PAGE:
Development and Maintenance of Spatially Coordinated Behavior
Sensation arising in the muscles, joints, and tendons adds to that provided by vestibular input to inform the organism of its orientation in gravity space and to allow it to relate the position of body parts with respect to each other. Such sensory input also interacts with that provided through other sensory systems to locate the depth, direction, and movement of objects in visual and auditory spaces. Vibratory stimulation applied to muscles and tendons (especially those implicated in eye, neck, and postural adjustments) activates stretch receptors and alters the perceptual consequences of visual and auditory input. Studies of visual and auditory illusions induced by vibratory stimulation are undertaken for their own sakes, and are exploited as well for the insights they provide to the normal interaction of somatic sensation with that from the distance receptors.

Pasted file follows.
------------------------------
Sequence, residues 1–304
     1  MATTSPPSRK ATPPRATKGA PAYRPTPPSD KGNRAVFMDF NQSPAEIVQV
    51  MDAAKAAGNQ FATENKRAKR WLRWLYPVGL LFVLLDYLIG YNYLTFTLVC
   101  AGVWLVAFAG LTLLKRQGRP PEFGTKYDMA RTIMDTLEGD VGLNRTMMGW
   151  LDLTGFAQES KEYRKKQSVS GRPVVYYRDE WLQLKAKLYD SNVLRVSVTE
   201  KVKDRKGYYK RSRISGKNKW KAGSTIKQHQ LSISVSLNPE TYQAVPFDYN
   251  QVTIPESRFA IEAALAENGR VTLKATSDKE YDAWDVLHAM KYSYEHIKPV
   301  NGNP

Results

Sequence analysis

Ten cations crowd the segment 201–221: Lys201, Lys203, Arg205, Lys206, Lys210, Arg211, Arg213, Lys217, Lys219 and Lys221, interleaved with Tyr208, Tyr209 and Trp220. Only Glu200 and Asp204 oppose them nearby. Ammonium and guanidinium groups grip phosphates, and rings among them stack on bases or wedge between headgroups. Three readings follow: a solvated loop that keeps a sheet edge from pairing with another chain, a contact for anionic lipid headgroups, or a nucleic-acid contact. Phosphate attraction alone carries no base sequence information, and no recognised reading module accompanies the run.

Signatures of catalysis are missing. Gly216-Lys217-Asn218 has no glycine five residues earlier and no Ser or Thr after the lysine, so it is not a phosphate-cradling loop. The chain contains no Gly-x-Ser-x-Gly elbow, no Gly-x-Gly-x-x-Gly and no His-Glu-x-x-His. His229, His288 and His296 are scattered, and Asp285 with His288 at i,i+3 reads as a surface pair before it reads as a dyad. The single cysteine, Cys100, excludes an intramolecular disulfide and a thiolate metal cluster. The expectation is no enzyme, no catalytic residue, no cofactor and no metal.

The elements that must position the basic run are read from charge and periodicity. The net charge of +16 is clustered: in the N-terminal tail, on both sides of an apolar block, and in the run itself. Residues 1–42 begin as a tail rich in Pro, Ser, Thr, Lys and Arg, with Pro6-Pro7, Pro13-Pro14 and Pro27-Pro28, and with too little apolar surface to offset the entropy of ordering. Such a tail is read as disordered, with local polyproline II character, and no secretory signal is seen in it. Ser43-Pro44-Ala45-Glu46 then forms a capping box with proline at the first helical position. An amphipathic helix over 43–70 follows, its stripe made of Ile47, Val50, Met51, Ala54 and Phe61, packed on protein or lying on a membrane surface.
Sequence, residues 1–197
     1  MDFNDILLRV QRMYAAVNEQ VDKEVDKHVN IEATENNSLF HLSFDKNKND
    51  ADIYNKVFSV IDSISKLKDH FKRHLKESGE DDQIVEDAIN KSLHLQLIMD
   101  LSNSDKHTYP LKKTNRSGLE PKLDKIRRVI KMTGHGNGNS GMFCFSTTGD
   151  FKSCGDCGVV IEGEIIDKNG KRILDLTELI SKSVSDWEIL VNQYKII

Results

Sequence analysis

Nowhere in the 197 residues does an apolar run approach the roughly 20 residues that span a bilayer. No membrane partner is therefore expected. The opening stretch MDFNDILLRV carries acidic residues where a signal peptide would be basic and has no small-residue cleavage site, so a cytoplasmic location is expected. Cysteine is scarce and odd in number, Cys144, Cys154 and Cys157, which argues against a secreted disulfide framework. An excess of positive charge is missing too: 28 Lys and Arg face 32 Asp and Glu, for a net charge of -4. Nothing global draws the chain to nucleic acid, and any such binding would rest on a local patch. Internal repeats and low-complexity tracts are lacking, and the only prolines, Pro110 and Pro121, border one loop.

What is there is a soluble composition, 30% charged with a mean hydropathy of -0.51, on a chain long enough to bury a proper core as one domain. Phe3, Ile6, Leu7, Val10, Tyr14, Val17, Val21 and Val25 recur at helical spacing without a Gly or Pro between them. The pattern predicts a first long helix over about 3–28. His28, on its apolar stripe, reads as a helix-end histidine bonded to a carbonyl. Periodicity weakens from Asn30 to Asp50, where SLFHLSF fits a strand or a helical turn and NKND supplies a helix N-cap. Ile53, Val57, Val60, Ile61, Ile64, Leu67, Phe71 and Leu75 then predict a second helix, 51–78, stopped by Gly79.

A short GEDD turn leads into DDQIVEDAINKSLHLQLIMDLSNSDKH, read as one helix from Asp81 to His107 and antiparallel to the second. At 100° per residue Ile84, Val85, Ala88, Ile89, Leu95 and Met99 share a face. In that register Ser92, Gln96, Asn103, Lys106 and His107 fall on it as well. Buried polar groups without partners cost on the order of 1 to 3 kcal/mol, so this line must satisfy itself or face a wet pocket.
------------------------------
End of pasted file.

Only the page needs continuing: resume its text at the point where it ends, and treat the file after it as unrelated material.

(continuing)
The contribution of the oculomotor system to the acquisition and maintenance of visually guided behavior is being examined in cats. Surgical immobilization of an eye in dark-reared kittens precludes development of guidance when the paralyzed eye is provided exposure in light. Light-reared animals retain visual guidance following eye immobilization surgery. Similarly, when proprioception from ocular musculature is surgically interrupted in dark-reared kittens, they fail to acquire visually guided behaviors when later exposed in light. The findings imply that both visually elicited eye movements and proprioception from the extraocular muscles are essential to acquisition of visually guided behaviors, while their role is reduced following this development.
In related studies optokinetic nystagmus in the ferret is being compared with that in the cat, with the ferret showing eye movement responses to significantly higher velocities of visual motion. Responsivity of the oculomotor apparatus of this carnivore recommend it for further study of visual-motor integration. One such exploration is examining the consequences for visually initiated eye movements of rearing ferrets in special environments.